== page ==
Juxtaposition – A Photo

IMG_3579I’ve not participated in the Weekly Photo Challenge for a while, but in the spirit of trying to re-establish some regularity with the blog, there’s no time like the present.

Here is a photo I took over the wall of Hill House in Helensburgh last November.  I like the way the shapes of the seed heads echo the shape of the gable end of the house, and the almost complementary colours, of those elements as well as the colour of the sandstone wall.

And yes, that is a Scottish sky.  Such brilliant blue is rare in these parts, but all the more appreciated when they do appear.  I never go out for a walk now without my camera.  I suppose it is a sort of measure of maturity that I can now see the beauty of this environment, while, when I was a teenager growing up here, I felt stifled by the town, in its small town-ness, and the great distance there seemed to be between me and anywhere interesting…….. that was before the world rediscovered Rennie Mackintosh, the National Trust for Scotland acquired the house and built a car park, and a steady stream of multilingual tourists made the pilgrimage to the top of the hill.  Then it was a slightly crumbling enigma, held together with string and sticky tape and in the hands of the Royal Institute of Architects of Scotland

Looking on the Calm Side

2013-12-29 13.32.39To watch the BBC television news it’s almost to believe that there is nothing happening in the world but for some terrible weather in the UK…..well perhaps bad weather in the Eastern US as well, but only in so far as it may or not be the same storm that has frozen the US eastern seaboard that will soon soak the UK in more rain.

Helensburgh even had its own little moment in the limelight, when 10 seconds of footage of waves lashing over Clyde Street by the Henry Bell monument was shown on the News as Ten, disappointingly referred to only as ‘the tide surge on the West Coast of Scotland’ (even though really it’s only at the very start of the Firth of the Clyde, not the sea per se…..)  The local Scottish news, using the same footage described it as ‘the worst residents can remember seeing on the Esplanade’. But then ‘Esplanade’ is a word not frequently used hereabouts no matter what the weather.

So as an alternative to all this thrashing and lashing here is the Reservoir, safely up the hill and away from the tides, a couple of days ago.  Water, it’s all about the context and conditions isn’t it?

The Return of the Sun

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After days of cold rain and grey skies, it has been refreshing and restorative to see sunshine and feel warmth on my face. I fear it may not last until Sunday when the weather map on the television shows another swathe of wind and rain hit the west coast, so time to head back east……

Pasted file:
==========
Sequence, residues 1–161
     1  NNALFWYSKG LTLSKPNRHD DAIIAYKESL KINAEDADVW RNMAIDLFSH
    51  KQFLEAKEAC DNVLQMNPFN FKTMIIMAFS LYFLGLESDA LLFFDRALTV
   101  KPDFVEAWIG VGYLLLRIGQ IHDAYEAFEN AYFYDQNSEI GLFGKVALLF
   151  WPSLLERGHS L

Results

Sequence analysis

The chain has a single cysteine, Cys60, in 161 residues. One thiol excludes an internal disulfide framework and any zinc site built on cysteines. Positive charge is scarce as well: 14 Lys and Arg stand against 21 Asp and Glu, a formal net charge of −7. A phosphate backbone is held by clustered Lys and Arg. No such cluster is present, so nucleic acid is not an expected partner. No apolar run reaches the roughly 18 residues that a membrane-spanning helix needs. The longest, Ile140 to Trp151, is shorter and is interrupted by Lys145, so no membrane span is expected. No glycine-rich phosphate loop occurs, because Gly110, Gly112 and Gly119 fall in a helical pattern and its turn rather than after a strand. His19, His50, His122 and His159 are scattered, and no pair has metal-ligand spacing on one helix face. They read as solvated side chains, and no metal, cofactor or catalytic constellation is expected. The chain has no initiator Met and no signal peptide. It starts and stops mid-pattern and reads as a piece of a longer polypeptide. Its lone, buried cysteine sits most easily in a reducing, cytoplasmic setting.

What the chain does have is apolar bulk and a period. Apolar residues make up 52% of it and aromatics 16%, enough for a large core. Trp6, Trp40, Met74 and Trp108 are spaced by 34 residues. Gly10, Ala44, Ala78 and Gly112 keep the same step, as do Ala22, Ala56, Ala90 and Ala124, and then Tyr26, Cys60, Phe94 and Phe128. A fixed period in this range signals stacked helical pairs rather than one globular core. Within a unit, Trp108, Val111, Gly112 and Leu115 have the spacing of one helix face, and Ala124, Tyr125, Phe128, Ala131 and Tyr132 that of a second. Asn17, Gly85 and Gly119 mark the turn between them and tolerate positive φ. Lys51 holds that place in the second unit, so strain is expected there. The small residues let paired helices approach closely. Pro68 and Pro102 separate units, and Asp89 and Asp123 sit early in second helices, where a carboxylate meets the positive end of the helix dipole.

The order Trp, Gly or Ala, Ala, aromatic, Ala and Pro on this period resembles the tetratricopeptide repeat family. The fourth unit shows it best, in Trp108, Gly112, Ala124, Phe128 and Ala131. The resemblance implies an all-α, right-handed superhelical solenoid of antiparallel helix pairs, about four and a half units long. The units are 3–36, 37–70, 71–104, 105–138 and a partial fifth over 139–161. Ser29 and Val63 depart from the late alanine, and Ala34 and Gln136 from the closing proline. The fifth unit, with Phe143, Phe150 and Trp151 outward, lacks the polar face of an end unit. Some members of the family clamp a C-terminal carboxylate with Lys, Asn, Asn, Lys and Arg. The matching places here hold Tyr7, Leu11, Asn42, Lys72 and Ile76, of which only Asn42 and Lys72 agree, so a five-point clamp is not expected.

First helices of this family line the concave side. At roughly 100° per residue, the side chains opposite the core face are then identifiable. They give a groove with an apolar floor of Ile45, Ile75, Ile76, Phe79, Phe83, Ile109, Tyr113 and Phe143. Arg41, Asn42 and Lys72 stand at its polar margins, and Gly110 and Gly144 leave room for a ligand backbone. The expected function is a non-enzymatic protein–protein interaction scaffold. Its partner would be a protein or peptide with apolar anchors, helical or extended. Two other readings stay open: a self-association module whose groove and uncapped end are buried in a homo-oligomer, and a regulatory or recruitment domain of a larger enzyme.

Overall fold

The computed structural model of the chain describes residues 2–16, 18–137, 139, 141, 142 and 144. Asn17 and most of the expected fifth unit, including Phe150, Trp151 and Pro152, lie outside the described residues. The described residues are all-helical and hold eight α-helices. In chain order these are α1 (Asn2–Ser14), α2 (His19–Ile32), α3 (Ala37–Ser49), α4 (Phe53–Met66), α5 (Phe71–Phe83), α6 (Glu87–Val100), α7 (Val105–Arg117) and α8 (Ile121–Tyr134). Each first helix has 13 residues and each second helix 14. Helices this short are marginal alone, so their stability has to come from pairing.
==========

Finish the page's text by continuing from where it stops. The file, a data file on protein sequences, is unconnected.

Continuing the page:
Bracing Myself Against the Wind

2013-04-16 15.54.29It had stopped raining for long enough for the idea of a walk to be not quite so preposterous as earlier in the day, but I didn’t want to go too far in case it started again.  So I followed the dog walkers’ path through the woods and up to the town’s reservoir.  The wind flattened my jacket against me and threatened to tug my borrowed hat away onto the hillside; when I hesitated on where to place my feet to avoid the worst of the muddy puddles it tried to unbalance me, and it whipped up the surface of the water as if the furies were racing by.

The sun, when it broke through the cloud brought the water into a sudden sharp knife silver, and disappeared as quickly as it came.

Fancy a Walk?

Do you fancy going for a walk?  It’s such a lovely afternoon, and the weather probably won’t hold.  We can go up the hill and through the woods to see all the autumn colours in the sunshine.  It’s not difficult underfoot, but you’d be as well to wear a decent pair of walking shoes as it might be a bit muddy.

We’ll set off from the house.  This path wasn’t here when I was growing up; this was all private land and fenced off.  When I went out for walks with school friends as a teenager we used to walk through the town and along the river front, or up the road into Glen Fruin if the weather was good; but it was always walking on the roads.

We’ll go through the woods, on what people seem to call ‘the dog walkers’ path’ and it’s true, I rarely see anyone else like me, walking without a canine companion.  We have to cross the road quickly here, be careful as it’s the main route into town and it can be busy.  We’ll do a quick detour to have a look over the reservoir.  If you’re unlucky, I’ll tell you that the water is purified through peat, or at least it used to be, and when I was young, in the one year when there wasn’t much rain over the summer and the water level dropped, the water was brown when it came out of the tap.